Minister of Finance, Ngozi Okonjo Iweala
The International Finance Corporation (IFC) , a member of the World Bank Group and Standard Chartered yesterday announced the inauguration of a bond-issuance program that would increase the availability of local-currency financing for private sector development in Africa.
A statement explained that the pan-African medium-term note programme would initially focus on Botswana, Ghana, Kenya, South Africa, Uganda, and Zambia.
The IFC further revealed that it would work with the respective authorities in the earlier mentioned countries to obtain their consent to be part of the programme.
Standard Chartered was also appointed as the sole arranger for the programme and the banks would also be the lead manager for many of the inaugural bond transactions under the programme. Other financial institutions may co-lead individual bond issues.
Bonds issued through the programme, according to the statement, would raise funds that IFC would use to provide long-term, local-currency finance for African businesses, protecting them from foreign-exchange risks.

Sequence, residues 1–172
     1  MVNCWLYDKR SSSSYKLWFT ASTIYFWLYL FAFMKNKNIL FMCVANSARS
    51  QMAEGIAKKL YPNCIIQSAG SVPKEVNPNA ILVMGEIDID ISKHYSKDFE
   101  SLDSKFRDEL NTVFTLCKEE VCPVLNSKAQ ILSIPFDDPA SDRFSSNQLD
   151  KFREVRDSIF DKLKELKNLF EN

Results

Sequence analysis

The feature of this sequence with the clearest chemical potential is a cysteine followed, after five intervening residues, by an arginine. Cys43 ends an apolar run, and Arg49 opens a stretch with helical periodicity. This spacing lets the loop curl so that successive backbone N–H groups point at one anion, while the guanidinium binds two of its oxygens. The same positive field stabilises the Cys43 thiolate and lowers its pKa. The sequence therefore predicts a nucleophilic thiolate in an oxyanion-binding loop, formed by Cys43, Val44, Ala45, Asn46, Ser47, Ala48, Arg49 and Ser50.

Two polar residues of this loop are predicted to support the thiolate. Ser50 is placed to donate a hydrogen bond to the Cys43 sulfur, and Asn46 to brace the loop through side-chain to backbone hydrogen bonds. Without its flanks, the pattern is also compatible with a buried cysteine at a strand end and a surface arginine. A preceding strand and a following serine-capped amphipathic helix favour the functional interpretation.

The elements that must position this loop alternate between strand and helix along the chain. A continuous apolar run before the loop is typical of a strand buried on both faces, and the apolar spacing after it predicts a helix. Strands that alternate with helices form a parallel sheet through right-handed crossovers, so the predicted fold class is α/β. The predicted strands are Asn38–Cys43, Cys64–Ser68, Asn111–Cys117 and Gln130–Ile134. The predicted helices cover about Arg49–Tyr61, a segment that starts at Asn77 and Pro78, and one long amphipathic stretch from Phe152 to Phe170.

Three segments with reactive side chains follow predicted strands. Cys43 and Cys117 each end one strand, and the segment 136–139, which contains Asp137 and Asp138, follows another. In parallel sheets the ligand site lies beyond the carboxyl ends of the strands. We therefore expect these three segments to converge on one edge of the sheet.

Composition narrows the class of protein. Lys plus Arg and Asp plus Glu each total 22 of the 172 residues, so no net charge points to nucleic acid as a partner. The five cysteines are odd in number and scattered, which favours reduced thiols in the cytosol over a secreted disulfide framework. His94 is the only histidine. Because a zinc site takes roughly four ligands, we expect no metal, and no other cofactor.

Executive Vice President/Chief Executive Officer, IFC, Lars Thunell, was quoted to have said: “A vibrant, local-currency capital market is essential for any country to achieve its full economic potential. Ensuring the development of such markets is a cornerstone of IFC’s strategy. By expanding long-term currency finance, we help businesses mitigate currency risks when they borrow capital to grow and create jobs.”
On his part, Standard Chartered’s Chief Executive Officer, Peter Sands said: “Standard Chartered shares IFC’s commitment to supporting the development of local capital markets in Africa, which has been a core part of our business for nearly 150 years. We are delighted to put our capital markets expertise, extensive Africa presence and knowledge of local markets to work in partnership with IFC on this landmark initiative.”
The statement also declared that IFC had built partnerships with regulators and local authorities to establish and strengthen local capital markets.
In Africa, it said the IFC had previously worked with Ghana, Zambia, and eight members of the West African Monetary Union to establish local-currency bond programs.
“IFC’s aim in sub-Saharan Africa is to improve the investment climate, promote the growth of small and medium enterprises—the foundation of economies across the continent—and support key infrastructure and agriculture projects,” it added.